Because of their high nitrogen content, spent coffee grounds are a popular garden fertilizer. Recycled in this manner, they already contribute to an environmentally friendly waste management. But they have the potential to deliver much more: a new procedure developed at the PSI allows high quality methane to be formed from spent coffee grounds. PSI researchers involved in a pilot project carried out in cooperation with the Swiss food producer Nestlé were able to show that spent coffee grounds left over during the production of instant coffee can be efficiently re-used elsewhere.
As part of its food production processes, the Swiss food industry produces about half a million tons of organic waste a year. The food industry is very interested in reducing the amount of waste wherever possible as well as in usefully re-cycling unavoidable waste. At the moment, about three quarters of such waste is already re-used in animal feeds. A little more than nine percent is composted and just under 11.5 percent is used in energy production.
Considerable potential still exists when it comes to converting energy from waste—such as the production of valuable bio-methane gas from spent coffee grounds. Within the framework of a pilot project carried out in cooperation with the Swiss food producer Nestlé, PSI researchers were able to demonstrate the PSI-developed procedure.
Bio-Methane from spent coffee grounds
In order to carry out the necessary experiments, moist spent coffee grounds left over from the production of instant coffee were made available by Nestlé. The spent coffee grounds were then heated in an experimental PSI facility to a temperature of about 450 °C and subjected to a pressure of about 300 bar. During this procedure, the water contained in the spent coffee grounds transitioned into a state in which it is neither liquid nor gas, known as a supercritical state. This has the advantage that the mineral nutrients contained in spent coffee grounds do not dissolve, as they would in water, but can be easily separated off. The next process step is to turn the residual coffee grounds into methane with the help of a catalyst.
The first results are very promising: about sixty per cent of the energy contained in spent coffee grounds was converted into methane during the pilot project. This enabled us to show that it’s technically possible to form methane from spent coffee grounds, says Frédéric Vogel, Group Head of Catalytic Process Engineering at the PSI and Professor for Renewable Energies at the University of Applied Sciences and Arts Northwestern Switzerland. However, a more efficient facility is necessary in order to carry out a more reliable field test. Only then will we be able to extrapolate industrially relevant data from these research results, says Vogel. Such a facility is currently being set up at the PSI. A further important step is establishing the procedure’s economic viability. Only once this has been guaranteed will the procedure be considered cost efficient for use in the food industry.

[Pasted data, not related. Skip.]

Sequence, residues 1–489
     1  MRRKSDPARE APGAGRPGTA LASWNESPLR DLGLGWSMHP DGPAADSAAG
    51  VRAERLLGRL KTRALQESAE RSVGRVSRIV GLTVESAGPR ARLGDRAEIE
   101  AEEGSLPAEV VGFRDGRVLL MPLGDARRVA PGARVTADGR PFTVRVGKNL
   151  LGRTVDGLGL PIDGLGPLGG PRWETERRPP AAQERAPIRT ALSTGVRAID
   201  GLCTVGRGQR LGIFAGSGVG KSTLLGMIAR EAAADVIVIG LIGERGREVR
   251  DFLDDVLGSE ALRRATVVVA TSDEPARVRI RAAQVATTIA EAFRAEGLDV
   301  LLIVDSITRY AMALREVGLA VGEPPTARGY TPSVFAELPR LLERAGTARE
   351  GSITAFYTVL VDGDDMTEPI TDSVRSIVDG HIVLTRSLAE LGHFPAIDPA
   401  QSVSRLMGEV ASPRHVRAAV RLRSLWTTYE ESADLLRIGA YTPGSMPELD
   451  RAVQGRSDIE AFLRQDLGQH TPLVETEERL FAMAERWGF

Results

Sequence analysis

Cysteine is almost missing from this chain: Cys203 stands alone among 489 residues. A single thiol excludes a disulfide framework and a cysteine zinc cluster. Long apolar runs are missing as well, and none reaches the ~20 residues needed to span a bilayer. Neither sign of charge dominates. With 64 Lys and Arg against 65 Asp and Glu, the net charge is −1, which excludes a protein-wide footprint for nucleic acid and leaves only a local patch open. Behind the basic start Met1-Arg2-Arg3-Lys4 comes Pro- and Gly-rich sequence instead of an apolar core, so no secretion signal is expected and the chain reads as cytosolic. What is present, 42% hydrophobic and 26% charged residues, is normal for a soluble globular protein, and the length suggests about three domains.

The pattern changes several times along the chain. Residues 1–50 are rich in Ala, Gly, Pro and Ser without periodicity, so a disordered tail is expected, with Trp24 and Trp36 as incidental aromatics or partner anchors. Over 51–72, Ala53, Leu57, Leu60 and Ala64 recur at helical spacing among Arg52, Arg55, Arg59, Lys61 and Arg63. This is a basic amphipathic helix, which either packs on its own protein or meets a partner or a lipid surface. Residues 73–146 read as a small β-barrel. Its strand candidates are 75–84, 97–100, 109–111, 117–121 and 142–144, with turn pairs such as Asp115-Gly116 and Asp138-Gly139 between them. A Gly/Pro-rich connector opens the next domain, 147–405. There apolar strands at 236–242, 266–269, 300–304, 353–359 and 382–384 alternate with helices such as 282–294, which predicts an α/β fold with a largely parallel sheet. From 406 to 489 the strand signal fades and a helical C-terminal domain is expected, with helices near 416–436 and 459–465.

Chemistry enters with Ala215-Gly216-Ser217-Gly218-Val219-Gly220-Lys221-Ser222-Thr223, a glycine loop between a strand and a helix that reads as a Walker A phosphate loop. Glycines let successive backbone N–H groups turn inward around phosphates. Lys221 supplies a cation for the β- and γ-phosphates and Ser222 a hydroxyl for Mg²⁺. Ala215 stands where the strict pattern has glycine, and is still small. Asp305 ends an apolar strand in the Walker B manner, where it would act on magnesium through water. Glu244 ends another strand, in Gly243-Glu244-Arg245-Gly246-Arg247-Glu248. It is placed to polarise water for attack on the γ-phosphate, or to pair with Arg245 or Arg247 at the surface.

In the meantime, PSI researchers are already thinking about further uses for spent coffee grounds. Their research is focused on its tried-and-tested application as fertilizer. The pilot project also showed that the mineral salts separated off during the experiment—in particular the nitrogen bonded in the salts—could provide high quality fertilizer. Researchers are now interested in also following up on these experiment results.
Furthermore, the procedure developed at the PSI can, in principle, be applied to all varieties of organic waste with a sufficiently high water content. The converted methane can be used in a number of ways. It can be fed into the gas grid or used to produce electricity. The great advantage of this process is that the waste products used in the procedure are often moist but do not need to be subjected to elaborate drying processes in order to be converted into energy. This means that the energy can be saved, reducing the costs incurred by other procedures such as waste incineration. The challenge we face with this procedure lies in the different constituent elements that make up organic waste, for which the procedure has to be optimized on a case-by-case basis, explains Frédéric Vogel. This is where the catalyst used in the procedure plays an important role, which is why the PSI continues to focus on catalyst research.
The pilot project was carried out at the PSI’s ESI Platform within the framework of the Energy Competence Centre for Bioenergy, SCCER BIOSWEET. The ESI (Energy System Integration) Platform is an experimental platform at which research and industry can test promising problem-solving approaches aimed at integrating new, renewable energies in the Swiss energy system. Such renewable energies include solar energy and wind power as well as energy from biomass. Led by the PSI, SCCER BIOSWEET is one of the competence centres for energy research initiated by the Swiss Confederation within the framework of the Coordinated Energy Research action plan. It aims to increase the contribution made by bioenergy to Switzerland’s energy supply.
Text: Paul Scherrer Institute/Martina Gröschl